• Scientists from The University of Adelaide, in Adelaide, South Australia, have developed a yet-to-be-named drug that may prevent cataract-induced blindness. Specifically, the drug inhibits calpain, a protein that when activated by several triggers, breaks down the lens protein crystallins, causing cataracts. Thus far, the drug has proved successful in slowing cataracts in animal trials. Now, the scientists, who've formed Calpain Therapeutics (http://calpaintherapeutics.com), plan to test the drug on humans. They say it could be delivered as drops or cream.

CODES REQUIRE STAGING OF DISEASE

New ICD-9 Codes for Glaucoma

Larry E. Patterson, M.D., Crossville, Tenn.

■ As of October 1, the ICD-9 codes for glaucoma require you stage the disease as “mild,” “moderate,” or “severe” based on your interpretation of the visual field test printout in the patient's weaker eye. That said, the new staging definitions do not impact coverage.

To obtain hassle-free reimbursements for your services, visit www. cdc.gov/nchs/data/icd9/ICD-9-CMINDEXADDENDAfy12.pdf, and scroll to page 15.)

Dr. Patterson is chief medical editor of Ophthalmology Management, a sister publication of OM.

AOA Launches Resource Tool

The American Optometric Association (AOA) has launched Ophthalmic Resources On-Demand, an online resource tool for AOA members that includes pharmaceutical product prescribing information, patient education on products and medical conditions, coupons, patient assistance programs and clinical trials, which may be suitable for your patients, among other resources. Further, members will have the ability to connect with industry peers and participate in market research. Coming soon: an e-prescribing platform. Visit www.aoa.org to access the tool.

STUDY REVEALS PRESCRIPTION AND SAFETY INACCURACIES

Almost Half of Online-Ordered Spectacles Found Deficient, Says Study

■ Close to half (44.8%) of online-ordered prescription spectacles did not meet either the optical requirements of the patient's visual needs or the physical requirements for the patient's safety, reveals a study in September's Optometry: Journal of the American Optometric Association.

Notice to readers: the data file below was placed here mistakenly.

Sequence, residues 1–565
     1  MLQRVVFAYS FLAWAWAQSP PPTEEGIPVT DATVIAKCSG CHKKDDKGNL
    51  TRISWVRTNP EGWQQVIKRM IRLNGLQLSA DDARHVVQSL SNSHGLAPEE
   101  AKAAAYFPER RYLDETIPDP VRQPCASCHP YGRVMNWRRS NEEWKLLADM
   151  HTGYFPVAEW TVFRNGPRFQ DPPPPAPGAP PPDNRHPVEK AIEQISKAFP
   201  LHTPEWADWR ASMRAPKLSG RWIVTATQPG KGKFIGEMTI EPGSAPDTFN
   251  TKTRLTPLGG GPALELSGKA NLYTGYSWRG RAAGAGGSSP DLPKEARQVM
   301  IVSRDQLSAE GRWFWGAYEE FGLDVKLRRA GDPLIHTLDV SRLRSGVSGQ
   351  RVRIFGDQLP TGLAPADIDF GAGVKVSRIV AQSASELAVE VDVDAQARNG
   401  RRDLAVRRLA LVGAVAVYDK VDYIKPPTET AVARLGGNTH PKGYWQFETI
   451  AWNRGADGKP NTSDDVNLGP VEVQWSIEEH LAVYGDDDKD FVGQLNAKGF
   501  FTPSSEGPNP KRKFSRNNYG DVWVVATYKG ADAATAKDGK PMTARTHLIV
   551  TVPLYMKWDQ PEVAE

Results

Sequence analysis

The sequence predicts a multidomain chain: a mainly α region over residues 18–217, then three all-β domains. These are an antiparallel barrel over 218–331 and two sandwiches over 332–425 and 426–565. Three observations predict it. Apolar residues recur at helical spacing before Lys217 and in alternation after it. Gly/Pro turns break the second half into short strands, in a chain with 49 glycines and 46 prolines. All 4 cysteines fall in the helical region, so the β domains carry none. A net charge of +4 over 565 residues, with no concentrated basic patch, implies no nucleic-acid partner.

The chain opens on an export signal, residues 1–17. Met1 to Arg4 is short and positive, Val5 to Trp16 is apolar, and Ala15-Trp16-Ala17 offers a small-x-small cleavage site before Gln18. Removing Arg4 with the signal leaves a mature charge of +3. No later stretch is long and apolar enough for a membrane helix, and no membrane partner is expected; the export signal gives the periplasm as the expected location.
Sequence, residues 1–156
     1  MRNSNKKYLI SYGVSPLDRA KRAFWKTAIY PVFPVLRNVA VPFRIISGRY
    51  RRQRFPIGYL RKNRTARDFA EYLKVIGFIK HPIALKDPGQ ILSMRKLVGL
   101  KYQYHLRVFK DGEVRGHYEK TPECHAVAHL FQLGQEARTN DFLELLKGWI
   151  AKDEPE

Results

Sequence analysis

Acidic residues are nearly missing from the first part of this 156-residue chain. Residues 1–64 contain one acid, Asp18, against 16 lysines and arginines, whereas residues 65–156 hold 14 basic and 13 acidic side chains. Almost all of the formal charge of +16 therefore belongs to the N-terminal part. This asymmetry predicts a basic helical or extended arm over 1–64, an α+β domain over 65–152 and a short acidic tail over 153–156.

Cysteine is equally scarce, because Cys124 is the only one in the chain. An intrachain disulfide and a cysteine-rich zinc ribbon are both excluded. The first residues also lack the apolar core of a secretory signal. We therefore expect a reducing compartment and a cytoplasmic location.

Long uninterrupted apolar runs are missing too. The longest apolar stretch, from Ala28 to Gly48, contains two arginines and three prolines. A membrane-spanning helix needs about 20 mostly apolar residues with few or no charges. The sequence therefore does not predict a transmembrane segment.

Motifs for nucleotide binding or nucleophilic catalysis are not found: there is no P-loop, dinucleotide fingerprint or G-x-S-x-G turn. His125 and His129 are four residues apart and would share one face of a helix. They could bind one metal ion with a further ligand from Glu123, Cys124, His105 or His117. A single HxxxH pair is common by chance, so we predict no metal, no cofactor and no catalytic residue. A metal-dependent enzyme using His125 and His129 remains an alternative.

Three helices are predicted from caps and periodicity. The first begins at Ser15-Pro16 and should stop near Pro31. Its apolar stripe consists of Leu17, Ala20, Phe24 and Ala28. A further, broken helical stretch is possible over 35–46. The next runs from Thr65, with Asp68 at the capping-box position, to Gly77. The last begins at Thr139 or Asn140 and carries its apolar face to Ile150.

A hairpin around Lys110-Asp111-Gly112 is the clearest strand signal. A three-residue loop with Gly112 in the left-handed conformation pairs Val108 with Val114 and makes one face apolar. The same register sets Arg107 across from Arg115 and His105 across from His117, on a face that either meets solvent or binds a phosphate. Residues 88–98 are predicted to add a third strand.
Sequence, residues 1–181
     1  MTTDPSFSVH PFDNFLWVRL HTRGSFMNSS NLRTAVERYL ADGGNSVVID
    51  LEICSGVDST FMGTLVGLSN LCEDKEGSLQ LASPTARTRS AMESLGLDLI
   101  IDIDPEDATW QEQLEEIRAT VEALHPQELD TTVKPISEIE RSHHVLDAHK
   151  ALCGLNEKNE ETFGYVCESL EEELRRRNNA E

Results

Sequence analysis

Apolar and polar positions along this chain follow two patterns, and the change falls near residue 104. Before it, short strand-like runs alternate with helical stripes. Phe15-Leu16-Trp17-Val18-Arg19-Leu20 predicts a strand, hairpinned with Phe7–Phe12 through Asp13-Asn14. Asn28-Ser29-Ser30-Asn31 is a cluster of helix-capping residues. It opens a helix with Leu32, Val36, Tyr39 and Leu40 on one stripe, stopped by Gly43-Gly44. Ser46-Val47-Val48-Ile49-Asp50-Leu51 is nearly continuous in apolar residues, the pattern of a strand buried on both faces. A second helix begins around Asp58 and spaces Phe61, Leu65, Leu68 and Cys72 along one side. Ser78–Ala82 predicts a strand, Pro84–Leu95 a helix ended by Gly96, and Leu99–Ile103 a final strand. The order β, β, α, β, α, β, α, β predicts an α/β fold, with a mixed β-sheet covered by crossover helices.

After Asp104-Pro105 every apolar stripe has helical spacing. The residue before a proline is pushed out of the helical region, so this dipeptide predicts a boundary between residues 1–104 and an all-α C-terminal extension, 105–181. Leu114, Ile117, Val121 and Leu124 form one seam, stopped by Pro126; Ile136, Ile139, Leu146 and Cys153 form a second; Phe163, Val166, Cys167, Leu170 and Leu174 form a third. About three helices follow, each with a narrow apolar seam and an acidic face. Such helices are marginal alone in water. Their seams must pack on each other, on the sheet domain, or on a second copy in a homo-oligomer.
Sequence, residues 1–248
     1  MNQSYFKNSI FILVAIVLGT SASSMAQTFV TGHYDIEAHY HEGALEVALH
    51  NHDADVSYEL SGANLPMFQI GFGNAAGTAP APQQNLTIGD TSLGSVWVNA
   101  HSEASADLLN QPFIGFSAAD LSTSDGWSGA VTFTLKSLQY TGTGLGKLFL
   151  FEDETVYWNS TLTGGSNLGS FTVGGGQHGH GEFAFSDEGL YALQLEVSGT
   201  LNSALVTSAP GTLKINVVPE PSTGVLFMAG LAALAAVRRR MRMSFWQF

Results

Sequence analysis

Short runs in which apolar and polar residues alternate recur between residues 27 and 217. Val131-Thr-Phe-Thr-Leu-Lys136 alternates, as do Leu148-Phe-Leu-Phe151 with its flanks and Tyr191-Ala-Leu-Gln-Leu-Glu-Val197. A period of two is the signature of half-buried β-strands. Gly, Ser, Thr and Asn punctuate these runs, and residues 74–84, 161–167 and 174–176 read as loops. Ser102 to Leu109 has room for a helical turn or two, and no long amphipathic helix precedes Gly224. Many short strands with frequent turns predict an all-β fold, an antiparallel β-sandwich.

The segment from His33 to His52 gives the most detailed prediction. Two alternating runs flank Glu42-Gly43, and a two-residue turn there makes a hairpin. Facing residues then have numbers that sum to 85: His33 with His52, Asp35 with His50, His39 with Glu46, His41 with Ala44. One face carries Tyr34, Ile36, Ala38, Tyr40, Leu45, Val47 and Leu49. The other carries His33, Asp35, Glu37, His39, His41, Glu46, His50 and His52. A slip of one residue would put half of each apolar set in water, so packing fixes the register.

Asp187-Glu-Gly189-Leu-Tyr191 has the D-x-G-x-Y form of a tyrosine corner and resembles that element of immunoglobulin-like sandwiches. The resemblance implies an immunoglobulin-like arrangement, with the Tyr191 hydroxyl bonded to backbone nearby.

“. . . Spectacle eyewear ordered without the benefit of a dispensing process can come with significant risk of error in providing the correct type of lenses needed or ordered, the optical parameters that are within acceptable tolerances and the physical parameters that provide sufficient protection to the wearer,” the researchers concluded.

Specifically, the study showed that of the 154 pairs of spectacles evaluated (308 lenses) from 10 of the most-visited Internet vendors (two pairs of spectacles from each), more than one of every five pairs were delivered incorrectly, with lens treatments added or omitted; more than one of every four pairs had at least one lens with at least one optical parameter out of tolerance; and more than one of every five pairs had at least one lens that did not pass impact testing.

The study was comprised of 10 individuals, from throughout the United States, including the researchers themselves, their colleagues and associates. Through two-months, these individuals ordered an adult and child pair of spectacles, which totaled 200 eye-wear orders. A total of 154 of the orders were received. Frame styles were chosen from the midrange options offered by each vendor, in varying frame materials, lens styles and prescriptions, the latter of which reflect current distributions in the United States.

The researchers then evaluated the spectacles for sphere power, cylinder power and axis and add power (if indicated), horizontal prism imbalance and impact testing, while an independent accredited laboratory assessed the optical requirements using the “drop-ball” methodology.

Various online spectacle retailers could not be reached for comment.

NEW PRODUCTS LAUNCHED AT AAO

Toric Lens and Widefield Imaging Device Introduced

■ Both Optos and Bausch + Lomb announced new products at the recent American Academy of Optometry meeting in Boston.

Bausch + Lomb launched PureVision 2 for Astigmatism, which features high-definition, or HD, optics designed to provide clarity and meet the special vision correction needs of patients who have astigmatism.

The silicone hydrogel monthly replacement lens incorporates the Auto Align Design stabilization system and a combination of prism and peri ballasting for enhanced stability. The 14.5mm diameter lens provides more area for effective ballasting and improves centration, says the manufacturer.

By reducing spherical aberrations the lens helps reduce halos and glare in low light conditions. The lenses are available as plano to -6.00D (0.25 steps) -0.75D, -1.25D, 1.75D; and available from 10° to 180° in 10° steps.

Optos unveiled the Daytona ultra-widefield retinal imaging device. The device provides clinicians with an optomap, a 200° high-resolution, high-contrast image of the retina. It also includes an option for autofluorescence.

Optos scaled the Daytona so that its footprint accommodates small office spaces. The 60lb. device features workflow-based software, plug-and-play installation, image review capabilities and image storage options. According to Optos, Daytona will ship in early 2012.

FDA Notes